But Agnew was neither raising his pen nor nodding at Sotheby's Old Master paintings auction last Wednesday. Nor was he using the technique of getting someone else to bid on his behalf. Nevertheless, two dealers were keeping a beady eye on him, surreptitiously looking over his shoulder and screwing up their eyes to read the notes he was making in his catalogue. They would have learnt little: he was only scribbling down the prices fetched. And even when his notes include figures up to which he is prepared to bid, they are in code - 'though a simple code,' he says.
Although he was not buying anything that day, he believes it is important to be in the saleroom. Reading dry after-sale price- lists is not the same. He needs to 'feel' the market, he explains, to know who is bidding and buying (and which works are going where). It is also useful to swap information with other dealers before an auction - although some have been known to give out 'disinformation', dismissing a work to discourage the opposition and then buying it themselves.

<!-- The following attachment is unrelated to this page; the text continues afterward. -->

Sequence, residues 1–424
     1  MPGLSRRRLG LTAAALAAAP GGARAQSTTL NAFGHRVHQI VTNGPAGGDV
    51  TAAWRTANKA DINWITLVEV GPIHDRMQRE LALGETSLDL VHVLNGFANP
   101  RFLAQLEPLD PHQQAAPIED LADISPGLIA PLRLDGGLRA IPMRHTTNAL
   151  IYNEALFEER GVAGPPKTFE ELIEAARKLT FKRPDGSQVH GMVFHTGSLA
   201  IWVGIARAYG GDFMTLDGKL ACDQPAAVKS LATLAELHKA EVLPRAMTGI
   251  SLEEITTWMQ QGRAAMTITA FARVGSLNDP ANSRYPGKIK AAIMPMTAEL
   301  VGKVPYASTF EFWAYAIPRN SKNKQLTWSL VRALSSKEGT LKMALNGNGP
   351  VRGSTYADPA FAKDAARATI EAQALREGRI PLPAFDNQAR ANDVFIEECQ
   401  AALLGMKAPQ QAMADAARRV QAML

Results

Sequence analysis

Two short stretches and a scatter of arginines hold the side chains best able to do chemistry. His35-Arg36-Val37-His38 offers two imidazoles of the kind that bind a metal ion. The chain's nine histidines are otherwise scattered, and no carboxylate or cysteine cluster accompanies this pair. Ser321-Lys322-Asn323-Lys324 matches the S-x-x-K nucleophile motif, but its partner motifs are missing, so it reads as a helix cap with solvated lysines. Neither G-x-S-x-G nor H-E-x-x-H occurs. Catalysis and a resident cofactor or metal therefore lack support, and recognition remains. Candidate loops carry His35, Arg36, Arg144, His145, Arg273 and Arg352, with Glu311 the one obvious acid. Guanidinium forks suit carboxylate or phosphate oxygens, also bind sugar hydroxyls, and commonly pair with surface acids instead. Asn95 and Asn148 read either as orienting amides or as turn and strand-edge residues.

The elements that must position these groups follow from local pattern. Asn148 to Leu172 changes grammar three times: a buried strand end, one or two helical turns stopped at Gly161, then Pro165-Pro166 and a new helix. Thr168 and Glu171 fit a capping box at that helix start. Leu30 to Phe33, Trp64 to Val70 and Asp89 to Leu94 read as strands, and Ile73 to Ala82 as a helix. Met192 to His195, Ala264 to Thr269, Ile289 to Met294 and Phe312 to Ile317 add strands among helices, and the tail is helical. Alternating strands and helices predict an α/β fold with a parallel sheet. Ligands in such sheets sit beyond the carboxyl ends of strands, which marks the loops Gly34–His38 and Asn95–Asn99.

'It's all a game,' says Agnew. Because so much money is at stake, it is quite a serious game, however. Yet the game played in London is child's play compared to the one they play in New York. Agnew says that dealers there have been known to bug each other's telephones.
For Julian Agnew, this month is one of the busiest in the Old Master calendar. Anyone who is anyone in that world descends on London for the capital's various auctions. Last week, many of them dropped into Agnew's for a major exhibition to mark the gallery's founding. At 175 years, Agnew's is the world's oldest gallery still in family hands: five of the 28 members of staff are family. Julian Agnew is sixth-generation and the gallery's recently-appointed chairman. Many of the greatest masterpieces in today's museums have passed through Agnew's at one time, often donated or bequeathed by their clients. From a long list, there are Fragonards in the Frick Collection, New York, and the Velazquez 'Rokeby Venus' (almost unknown when Agnew's bought it in 1905) in the National Gallery, London.